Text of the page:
Trust me; I’ve tried to find it. Haha. I’ve got a pretty good daily routine at the moment, but if I’ve learnt one thing in the past year, it’s that best-laid plans ALWAYS go to shit. Haha. This means that I never leave things until the last minute (because Murphy’s Law says that when things will go wrong) and I always leave space in my schedule for other things to pop up. I love working for myself because it means I can be available to my family when they need me and to take naps in the afternoon because it makes me feel good. Don’t get too focused on having ‘the perfect day’ that you forget why you do this in the first place. Maybe your perfect schedule is a five-point to-do list that you get done when you feel like it? Sound okay? Good news, you get to decide.
And most of all, you should know that your best is good enough.
If you’ve made a mistake or tried and failed, I want you to know that your best WAS good enough. I come across this concern so often working with businesses and on my own business. You can’t always get it right and worrying about getting it wrong has stopped many people from doing anything at all. Done is better than perfect. And in my books, saying you’re sorry, you made a mistake, or you’ll do better next time is more effective than never having tried. The right people will support you developing and growing yourself and will never ask for more than your best effort. This doesn’t mean you should be slacking off and doing things half-assed – I would never give you permission to do that. But as the old saying goes, when you know better, you can do better, and I work to that all the time. Always improving and getting better, but learning (after all this time!) that part of that is not knowing or sometimes falling short. If you tried, and especially if you gave it your best, that’s enough. (FOR NOW, haha).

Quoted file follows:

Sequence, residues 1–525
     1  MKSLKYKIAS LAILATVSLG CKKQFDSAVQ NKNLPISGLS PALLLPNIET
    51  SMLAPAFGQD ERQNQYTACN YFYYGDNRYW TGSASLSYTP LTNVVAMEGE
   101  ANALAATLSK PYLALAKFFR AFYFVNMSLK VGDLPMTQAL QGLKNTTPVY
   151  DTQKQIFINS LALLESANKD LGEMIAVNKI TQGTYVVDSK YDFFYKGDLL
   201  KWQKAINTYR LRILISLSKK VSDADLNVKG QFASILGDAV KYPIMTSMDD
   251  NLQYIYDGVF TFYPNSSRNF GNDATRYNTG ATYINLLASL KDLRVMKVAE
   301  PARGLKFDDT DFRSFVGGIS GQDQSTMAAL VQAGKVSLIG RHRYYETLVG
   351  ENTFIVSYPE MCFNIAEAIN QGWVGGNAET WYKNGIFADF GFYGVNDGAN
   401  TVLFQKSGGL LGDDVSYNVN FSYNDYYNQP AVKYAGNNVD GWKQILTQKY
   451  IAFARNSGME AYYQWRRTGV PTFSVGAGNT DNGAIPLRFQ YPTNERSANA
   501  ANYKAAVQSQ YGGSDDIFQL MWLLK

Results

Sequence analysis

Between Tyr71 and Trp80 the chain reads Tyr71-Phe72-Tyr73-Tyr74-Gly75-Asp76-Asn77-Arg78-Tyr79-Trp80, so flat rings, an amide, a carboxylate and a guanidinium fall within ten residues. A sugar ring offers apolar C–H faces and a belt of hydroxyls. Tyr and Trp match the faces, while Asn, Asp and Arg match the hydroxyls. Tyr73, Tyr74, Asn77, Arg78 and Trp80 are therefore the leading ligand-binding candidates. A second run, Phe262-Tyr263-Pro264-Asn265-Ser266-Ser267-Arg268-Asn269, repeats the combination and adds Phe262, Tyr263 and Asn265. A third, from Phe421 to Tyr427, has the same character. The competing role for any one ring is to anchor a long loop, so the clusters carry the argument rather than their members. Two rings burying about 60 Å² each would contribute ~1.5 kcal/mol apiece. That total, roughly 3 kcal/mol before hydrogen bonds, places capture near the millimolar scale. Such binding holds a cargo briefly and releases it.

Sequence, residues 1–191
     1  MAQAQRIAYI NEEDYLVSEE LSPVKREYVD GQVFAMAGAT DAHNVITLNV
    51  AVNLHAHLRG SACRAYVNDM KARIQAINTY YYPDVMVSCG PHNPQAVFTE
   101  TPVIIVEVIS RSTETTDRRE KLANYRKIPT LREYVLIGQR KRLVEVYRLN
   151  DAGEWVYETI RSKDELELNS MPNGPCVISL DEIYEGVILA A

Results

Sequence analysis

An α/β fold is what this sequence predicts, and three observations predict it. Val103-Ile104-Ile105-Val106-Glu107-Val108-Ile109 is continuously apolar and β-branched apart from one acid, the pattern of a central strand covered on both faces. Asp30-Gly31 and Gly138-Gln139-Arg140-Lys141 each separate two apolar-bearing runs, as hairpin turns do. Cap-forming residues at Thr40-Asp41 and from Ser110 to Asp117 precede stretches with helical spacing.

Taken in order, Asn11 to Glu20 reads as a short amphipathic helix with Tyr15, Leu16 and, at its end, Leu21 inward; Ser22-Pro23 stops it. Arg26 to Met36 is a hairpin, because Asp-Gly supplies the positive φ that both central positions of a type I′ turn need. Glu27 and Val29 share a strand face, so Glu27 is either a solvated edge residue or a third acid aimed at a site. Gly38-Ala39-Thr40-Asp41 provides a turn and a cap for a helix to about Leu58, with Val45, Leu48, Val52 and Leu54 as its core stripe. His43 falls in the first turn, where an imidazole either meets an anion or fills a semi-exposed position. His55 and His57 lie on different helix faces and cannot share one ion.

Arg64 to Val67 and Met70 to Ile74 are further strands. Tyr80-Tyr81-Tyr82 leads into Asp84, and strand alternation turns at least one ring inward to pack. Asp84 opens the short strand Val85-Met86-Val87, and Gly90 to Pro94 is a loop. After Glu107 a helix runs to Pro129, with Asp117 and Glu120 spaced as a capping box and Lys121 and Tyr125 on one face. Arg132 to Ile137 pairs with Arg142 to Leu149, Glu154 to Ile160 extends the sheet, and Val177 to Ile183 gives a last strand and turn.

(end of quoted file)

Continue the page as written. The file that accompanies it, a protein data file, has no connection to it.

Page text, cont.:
And that’s my list!
Allow me to finish by saying, you, my friend, are fantastic. If you’ve made this leap or are planning it, you’re already a rock star in my books. I know the freedom and joy that doing your own thing can bring. I’m so proud of you for giving it a shot. But, the flipside of that is that us adventurous types can be hard to please. We tend to beat ourselves up or expect way more than someone else would ever expect from us. Try not to do that, okay? Yes, there are plenty of serious things you should know or do, like taxes or metrics or reporting, but in the end, the most important thing is how you’re doing. Check-in with yourself and I guarantee the rest will fall into place.
Images by Renee Shae Photography for her Big & Boss brand – Renee is a Brisbane based photographer specialising in branding photography and headshots.
Hi! I’m Suger; Chief Blogger at Suger Coat It. Blogging since 1901; love a casual ootd, taking photos + writing about things that irk or inspire me. I love wine and cheese, long days at the beach and spending time with my family. I make stuff for the internet; photos, create content, write copy and devise social media plans for personal brands, small businesses and bloggers. You know, living the sweet life.